PLoS ONE 01/2011; 6(1):e16542. · 3.53 Impact Factor
  • Source
    [Show abstract] [Hide abstract]
    ABSTRACT: Two meta-analyses of genome-wide association studies (GWAS) have suggested that four variants: rs2605100 in lysophospholipase-like 1 (LYPLAL1), rs10146997 in neuroxin 3 (NRXN3), rs545854 in methionine sulfoxide reductase A (MSRA), and rs987237 in transcription factor activating enhancer-binding protein 2 beta (TFAP2B) associate with measures of central obesity. To elucidate potential underlying phenotypes we aimed to investigate whether these variants associated with: 1) quantitative metabolic traits, 2) anthropometric measures (waist circumference (WC), waist-hip ratio, and BMI), or 3) type 2 diabetes, and central and general overweight and obesity. The four variants were genotyped in Danish individuals using KASPar®. Quantitative metabolic traits were examined in a population-based sample (n = 6,038) and WC and BMI were furthermore analyzed in a combined study sample (n = 13,507). Case-control studies of diabetes and adiposity included 15,326 individuals. The major G-allele of LYPLAL1 rs2605100 associated with increased fasting serum triglyceride concentrations (per allele effect (β) = 3%(1;5(95%CI)), p(additive) = 2.7×10(-3)), an association driven by the male gender (p(interaction) = 0.02). The same allele associated with increased fasting serum insulin concentrations (β = 3%(1;5), p(additive) = 2.5×10(-3)) and increased insulin resistance (HOMA-IR) (β = 4%(1;6), p(additive) = 1.5×10(-3)). The minor G-allele of rs10146997 in NRXN3 associated with increased WC among women (β = 0.55cm (0.20;0.89), p(additive) = 1.7×10(-3), p(interaction) = 1.0×10(-3)), but showed no associations with obesity related metabolic traits. The MSRA rs545854 and TFAP2B rs987237 showed nominal associations with central obesity; however, no underlying metabolic phenotypes became obvious, when investigating quantitative metabolic traits. None of the variants influenced the prevalence of type 2 diabetes. We demonstrate that several of the central obesity-associated variants in LYPLAL1, NRXN3, MSRA, and TFAP2B associate with metabolic and anthropometric traits in Danish adults. However, analyses were made without adjusting for multiple testing, and further studies are needed to confirm the putative role of LYPLAL1, NRXN3, MSRA, and TFAP2B in the pathophysiology of obesity.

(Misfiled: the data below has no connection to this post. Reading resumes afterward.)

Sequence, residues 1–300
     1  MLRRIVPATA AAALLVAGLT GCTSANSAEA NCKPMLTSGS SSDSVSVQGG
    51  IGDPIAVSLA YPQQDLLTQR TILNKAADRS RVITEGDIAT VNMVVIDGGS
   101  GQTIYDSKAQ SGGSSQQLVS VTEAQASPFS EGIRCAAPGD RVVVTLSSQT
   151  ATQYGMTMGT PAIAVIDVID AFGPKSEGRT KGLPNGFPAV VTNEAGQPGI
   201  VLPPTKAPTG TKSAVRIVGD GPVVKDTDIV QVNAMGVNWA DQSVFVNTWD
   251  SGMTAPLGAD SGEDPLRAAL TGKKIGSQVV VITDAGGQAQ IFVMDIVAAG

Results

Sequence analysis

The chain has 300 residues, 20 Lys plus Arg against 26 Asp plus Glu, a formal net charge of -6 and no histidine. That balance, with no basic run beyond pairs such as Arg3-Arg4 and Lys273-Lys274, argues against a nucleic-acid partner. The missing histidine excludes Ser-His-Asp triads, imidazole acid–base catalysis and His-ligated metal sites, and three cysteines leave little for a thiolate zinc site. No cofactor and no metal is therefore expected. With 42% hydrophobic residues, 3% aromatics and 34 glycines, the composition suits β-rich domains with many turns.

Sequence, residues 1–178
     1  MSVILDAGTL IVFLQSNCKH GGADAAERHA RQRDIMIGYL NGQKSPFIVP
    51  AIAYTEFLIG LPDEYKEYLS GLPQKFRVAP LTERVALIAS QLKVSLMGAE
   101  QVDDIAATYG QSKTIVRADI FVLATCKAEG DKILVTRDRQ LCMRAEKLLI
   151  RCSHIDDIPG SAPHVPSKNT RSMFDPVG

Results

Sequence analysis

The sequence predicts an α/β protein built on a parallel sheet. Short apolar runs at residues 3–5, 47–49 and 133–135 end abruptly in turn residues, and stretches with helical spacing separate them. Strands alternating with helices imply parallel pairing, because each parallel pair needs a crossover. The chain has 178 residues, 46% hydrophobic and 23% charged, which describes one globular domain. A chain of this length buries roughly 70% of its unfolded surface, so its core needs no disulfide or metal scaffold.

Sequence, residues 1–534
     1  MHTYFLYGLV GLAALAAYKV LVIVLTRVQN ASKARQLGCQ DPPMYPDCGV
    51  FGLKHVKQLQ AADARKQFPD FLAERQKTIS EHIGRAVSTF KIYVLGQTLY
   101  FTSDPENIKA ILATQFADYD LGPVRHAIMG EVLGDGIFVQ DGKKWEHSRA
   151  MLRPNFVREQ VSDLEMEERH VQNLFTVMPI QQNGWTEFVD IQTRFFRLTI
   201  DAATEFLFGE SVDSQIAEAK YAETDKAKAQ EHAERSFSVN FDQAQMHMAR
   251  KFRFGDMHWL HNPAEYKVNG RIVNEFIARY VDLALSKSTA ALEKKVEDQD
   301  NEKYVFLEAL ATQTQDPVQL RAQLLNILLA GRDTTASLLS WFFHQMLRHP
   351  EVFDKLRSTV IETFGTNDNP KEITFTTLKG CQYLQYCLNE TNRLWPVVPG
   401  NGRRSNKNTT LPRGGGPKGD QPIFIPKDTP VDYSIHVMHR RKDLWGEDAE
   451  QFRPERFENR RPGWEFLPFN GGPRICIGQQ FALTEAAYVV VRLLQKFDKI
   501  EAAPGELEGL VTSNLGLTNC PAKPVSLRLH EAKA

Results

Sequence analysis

PLoS ONE 01/2011; 6(6):e20640. · 3.53 Impact Factor
  • Source
    [Show abstract] [Hide abstract]
    ABSTRACT: Genome-wide association studies have identified novel BMI/obesity associated susceptibility loci. The purpose of this study is to determine associations with overweight, obesity, morbid obesity and/or general adiposity in a Danish population. Moreover, we want to investigate if these loci associate with type 2 diabetes and to elucidate potential underlying metabolic mechanisms. 15 gene variants in 14 loci including TMEM18 (rs7561317), SH2B1 (rs7498665), KCTD15 (rs29941), NEGR1 (rs2568958), ETV5 (rs7647305), BDNF (rs4923461, rs925946), SEC16B (rs10913469), FAIM2 (rs7138803), GNPDA2 (rs10938397), MTCH2 (rs10838738), BAT2 (rs2260000), NPC1 (rs1805081), MAF (rs1424233), and PTER (rs10508503) were genotyped in 18,014 middle-aged Danes. Five of the 15 gene variants associated with overweight, obesity and/or morbid obesity. Per allele ORs ranged from 1.15-1.20 for overweight, 1.10-1.25 for obesity, and 1.41-1.46 for morbid obesity. Five of the 15 variants moreover associated with increased measures of adiposity. BDNF rs4923461 displayed a borderline BMI-dependent protective effect on type 2 diabetes (0.87 (0.78-0.96, p = 0.008)), whereas SH2B1 rs7498665 associated with nominally BMI-independent increased risk of type 2 diabetes (1.16 (1.07-1.27, p = 7.8×10(-4))). Associations with overweight and/or obesity and measures of obesity were confirmed for seven out of the 15 gene variants. The obesity risk allele of BDNF rs4923461 protected against type 2 diabetes, which could suggest neuronal and peripheral distinctive ways of actions for the protein. SH2B1 rs7498665 associated with type 2 diabetes independently of BMI.
    PLoS ONE 01/2011; 6(9):e23531. · 3.53 Impact Factor
  • Source
    [Show abstract] [Hide abstract]
    ABSTRACT: Waist-hip ratio (WHR) is a measure of body fat distribution and a predictor of metabolic consequences independent of overall adiposity. WHR is heritable, but few genetic variants influencing this trait have been identified. We conducted a meta-analysis of 32 genome-wide association studies for WHR adjusted for body mass index (comprising up to 77,167 participants), following up 16 loci in an additional 29 studies (comprising up to 113,636 subjects). We identified 13 new loci in or near RSPO3, VEGFA, TBX15-WARS2, NFE2L3, GRB14, DNM3-PIGC, ITPR2-SSPN, LY86, HOXC13, ADAMTS9, ZNRF3-KREMEN1, NISCH-STAB1 and CPEB4 (P = 1.9 × 10−9 to P = 1.8 × 10−40) and the known signal at LYPLAL1. Seven of these loci exhibited marked sexual dimorphism, all with a stronger effect on WHR in women than men (P for sex difference = 1.9 × 10−3 to P = 1.2 × 10−13). These findings provide evidence for multiple loci that modulate body fat distribution independent of overall adiposity and reveal strong gene-by-sex interactions.
    Nature Genetics 01/2011; 43(11):1164. · 35.21 Impact Factor
  • Source
    [Show abstract] [Hide abstract]